Thursday, July 06, 2006

Typologies of Innovation - Part I

The study of organizational innovation is not new. Actually, one should not be surprised by the fact that some of the best writing on the topic of innovation dates back to the early 1970s, if not earlier. Consider the paper, “Conceptual Issues in the Study of Innovation” by George W. Downs and Lawrence B. Mohr (Administrative Science Quarterly, 21 (4), 1976, 700-714). This paper discusses a rather salient issue – why is the extant literature point us to findings that are instable (i.e. factors found significant in one study are found insignificant in another – empirical discrepancies). The authors note, “Innovation has emerged over the last decade as possibly the most fashionable of social science areas…the study of innovation has not been confined to any single discipline but is being explored in fields as diverse as anthropology and economics. This popularity is not surprising. The investigations by innovation research of salient behavior of individuals, organizations, and polities can have significant social consequences”. Among the many concerns noted by the authors, the one that is of interest of us is the lack of clearly defined or standardized typologies of innovation. As we continue to read articles from the various academic and practitioner journals we continue to see a wide assortment of typologies of innovation. Some authors, use the primary attributes of the innovation to arrive at types (Downs and Mohr, 1976) – cost of the innovation (high or low), communicability (simple innovation or complicated innovation). Others, use secondary characteristics (i.e. the organization in which the innovation is contextualized) to arrive at typologies. So for example, the cost of innovation, high or low, would depend on the type of organization that is considering adopting or developing the innovation. For a large organization, a given cost figure could be low, while for a smaller organization, the same cost figure could be high. Examples of innovation typologies that use the secondary characteristics include: routine or radical, major versus minor, etc.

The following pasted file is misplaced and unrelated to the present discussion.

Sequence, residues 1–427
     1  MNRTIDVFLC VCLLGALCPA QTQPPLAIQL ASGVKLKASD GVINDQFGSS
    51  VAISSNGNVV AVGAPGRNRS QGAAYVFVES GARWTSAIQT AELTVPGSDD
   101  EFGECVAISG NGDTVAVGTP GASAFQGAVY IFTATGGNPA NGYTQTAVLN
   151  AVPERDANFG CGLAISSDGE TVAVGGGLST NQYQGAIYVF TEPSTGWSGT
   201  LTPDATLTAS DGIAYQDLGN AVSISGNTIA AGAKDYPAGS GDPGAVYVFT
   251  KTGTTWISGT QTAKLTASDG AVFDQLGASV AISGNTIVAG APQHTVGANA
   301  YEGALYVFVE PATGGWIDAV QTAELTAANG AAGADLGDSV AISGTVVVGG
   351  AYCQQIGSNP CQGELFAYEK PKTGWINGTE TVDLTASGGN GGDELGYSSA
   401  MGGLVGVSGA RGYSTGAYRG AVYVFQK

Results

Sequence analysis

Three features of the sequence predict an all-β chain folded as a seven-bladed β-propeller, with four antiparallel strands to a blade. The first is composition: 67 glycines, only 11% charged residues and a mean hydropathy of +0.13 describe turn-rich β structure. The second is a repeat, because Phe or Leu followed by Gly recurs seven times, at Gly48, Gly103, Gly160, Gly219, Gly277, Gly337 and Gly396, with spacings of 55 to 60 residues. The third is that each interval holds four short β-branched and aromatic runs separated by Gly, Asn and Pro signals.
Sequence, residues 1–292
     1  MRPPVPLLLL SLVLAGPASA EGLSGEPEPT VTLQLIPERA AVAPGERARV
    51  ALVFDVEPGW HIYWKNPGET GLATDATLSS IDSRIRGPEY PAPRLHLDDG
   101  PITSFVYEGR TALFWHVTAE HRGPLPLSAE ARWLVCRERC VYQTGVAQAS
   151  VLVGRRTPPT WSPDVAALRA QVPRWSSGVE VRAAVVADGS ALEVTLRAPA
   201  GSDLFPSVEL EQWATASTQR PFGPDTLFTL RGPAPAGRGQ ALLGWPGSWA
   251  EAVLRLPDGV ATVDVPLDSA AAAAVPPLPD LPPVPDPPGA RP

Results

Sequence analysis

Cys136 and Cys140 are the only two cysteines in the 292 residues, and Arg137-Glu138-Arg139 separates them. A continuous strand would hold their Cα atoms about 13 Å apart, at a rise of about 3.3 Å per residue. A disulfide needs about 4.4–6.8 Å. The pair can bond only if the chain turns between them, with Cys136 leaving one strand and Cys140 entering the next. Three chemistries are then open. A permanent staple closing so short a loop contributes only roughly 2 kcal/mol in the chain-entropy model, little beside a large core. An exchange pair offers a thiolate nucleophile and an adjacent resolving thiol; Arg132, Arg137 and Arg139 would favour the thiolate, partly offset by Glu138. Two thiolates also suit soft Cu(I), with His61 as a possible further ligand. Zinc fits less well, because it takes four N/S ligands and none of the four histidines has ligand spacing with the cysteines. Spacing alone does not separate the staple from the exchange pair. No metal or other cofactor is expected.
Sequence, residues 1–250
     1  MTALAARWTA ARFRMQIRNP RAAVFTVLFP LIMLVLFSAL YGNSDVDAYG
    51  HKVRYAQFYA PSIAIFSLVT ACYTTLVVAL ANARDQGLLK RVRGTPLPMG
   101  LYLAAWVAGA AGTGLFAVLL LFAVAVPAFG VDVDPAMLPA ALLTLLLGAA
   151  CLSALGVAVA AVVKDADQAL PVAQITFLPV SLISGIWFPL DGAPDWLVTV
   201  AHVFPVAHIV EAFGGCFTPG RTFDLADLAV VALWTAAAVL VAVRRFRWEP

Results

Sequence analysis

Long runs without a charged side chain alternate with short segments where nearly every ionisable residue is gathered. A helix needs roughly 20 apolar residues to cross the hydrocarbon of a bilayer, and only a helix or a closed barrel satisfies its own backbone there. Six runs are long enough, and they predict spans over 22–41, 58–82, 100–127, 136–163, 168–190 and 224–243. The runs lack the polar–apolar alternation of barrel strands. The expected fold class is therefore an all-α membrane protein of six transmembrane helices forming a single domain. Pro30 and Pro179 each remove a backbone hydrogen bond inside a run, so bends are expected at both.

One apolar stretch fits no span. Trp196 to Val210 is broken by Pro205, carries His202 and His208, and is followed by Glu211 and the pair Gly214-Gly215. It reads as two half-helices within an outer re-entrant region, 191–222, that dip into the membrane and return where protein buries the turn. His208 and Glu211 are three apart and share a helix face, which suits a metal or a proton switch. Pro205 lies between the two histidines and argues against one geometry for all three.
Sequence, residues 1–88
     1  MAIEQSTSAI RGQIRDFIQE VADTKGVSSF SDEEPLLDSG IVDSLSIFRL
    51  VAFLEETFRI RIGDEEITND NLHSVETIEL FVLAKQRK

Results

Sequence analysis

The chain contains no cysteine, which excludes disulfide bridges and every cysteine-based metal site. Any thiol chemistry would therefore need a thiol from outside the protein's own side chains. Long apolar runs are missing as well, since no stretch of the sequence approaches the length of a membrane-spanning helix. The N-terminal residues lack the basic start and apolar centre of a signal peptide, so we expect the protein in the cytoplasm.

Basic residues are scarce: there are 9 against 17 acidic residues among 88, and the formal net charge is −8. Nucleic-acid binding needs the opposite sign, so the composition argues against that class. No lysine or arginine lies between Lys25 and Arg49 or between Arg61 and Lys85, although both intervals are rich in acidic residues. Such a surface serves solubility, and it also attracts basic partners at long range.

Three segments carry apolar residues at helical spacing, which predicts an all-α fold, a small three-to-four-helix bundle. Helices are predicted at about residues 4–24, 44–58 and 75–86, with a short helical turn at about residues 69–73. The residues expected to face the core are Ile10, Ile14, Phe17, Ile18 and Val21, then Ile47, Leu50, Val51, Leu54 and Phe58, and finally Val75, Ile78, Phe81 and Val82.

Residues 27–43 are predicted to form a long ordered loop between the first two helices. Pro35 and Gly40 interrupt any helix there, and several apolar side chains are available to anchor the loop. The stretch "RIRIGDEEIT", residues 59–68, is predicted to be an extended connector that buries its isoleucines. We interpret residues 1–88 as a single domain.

In this research project, we will have to propose a typology for the study of innovations, hopefully we will propose one that is comprehensive yet cogent….

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